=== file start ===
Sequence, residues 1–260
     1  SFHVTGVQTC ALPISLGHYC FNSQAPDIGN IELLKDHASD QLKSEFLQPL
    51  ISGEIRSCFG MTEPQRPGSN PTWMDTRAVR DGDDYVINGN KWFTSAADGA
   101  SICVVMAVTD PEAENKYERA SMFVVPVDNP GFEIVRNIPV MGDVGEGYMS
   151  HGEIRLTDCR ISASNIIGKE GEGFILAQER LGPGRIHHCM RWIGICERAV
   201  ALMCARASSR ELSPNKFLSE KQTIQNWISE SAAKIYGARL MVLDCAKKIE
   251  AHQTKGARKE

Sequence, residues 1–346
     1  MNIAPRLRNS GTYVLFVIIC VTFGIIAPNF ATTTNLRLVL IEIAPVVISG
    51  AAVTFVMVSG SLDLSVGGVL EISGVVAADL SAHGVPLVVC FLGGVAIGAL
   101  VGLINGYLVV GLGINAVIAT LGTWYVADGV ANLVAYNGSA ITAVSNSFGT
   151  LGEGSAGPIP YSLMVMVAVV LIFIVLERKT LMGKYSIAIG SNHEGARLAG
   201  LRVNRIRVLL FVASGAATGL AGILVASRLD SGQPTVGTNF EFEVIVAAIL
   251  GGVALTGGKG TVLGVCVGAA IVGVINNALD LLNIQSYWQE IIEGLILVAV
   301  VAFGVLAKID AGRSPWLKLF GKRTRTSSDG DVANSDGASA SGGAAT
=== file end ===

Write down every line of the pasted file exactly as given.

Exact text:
Sequence, residues 1–260
     1  SFHVTGVQTC ALPISLGHYC FNSQAPDIGN IELLKDHASD QLKSEFLQPL
    51  ISGEIRSCFG MTEPQRPGSN PTWMDTRAVR DGDDYVINGN KWFTSAADGA
   101  SICVVMAVTD PEAENKYERA SMFVVPVDNP GFEIVRNIPV MGDVGEGYMS
   151  HGEIRLTDCR ISASNIIGKE GEGFILAQER LGPGRIHHCM RWIGICERAV
   201  ALMCARASSR ELSPNKFLSE KQTIQNWISE SAAKIYGARL MVLDCAKKIE
   251  AHQTKGARKE

Sequence, residues 1–346
     1  MNIAPRLRNS GTYVLFVIIC VTFGIIAPNF ATTTNLRLVL IEIAPVVISG
    51  AAVTFVMVSG SLDLSVGGVL EISGVVAADL SAHGVPLVVC FLGGVAIGAL
   101  VGLINGYLVV GLGINAVIAT LGTWYVADGV ANLVAYNGSA ITAVSNSFGT
   151  LGEGSAGPIP YSLMVMVAVV LIFIVLERKT LMGKYSIAIG SNHEGARLAG
   201  LRVNRIRVLL FVASGAATGL AGILVASRLD SGQPTVGTNF EFEVIVAAIL
   251  GGVALTGGKG TVLGVCVGAA IVGVINNALD LLNIQSYWQE IIEGLILVAV
   301  VAFGVLAKID AGRSPWLKLF GKRTRTSSDG DVANSDGASA SGGAAT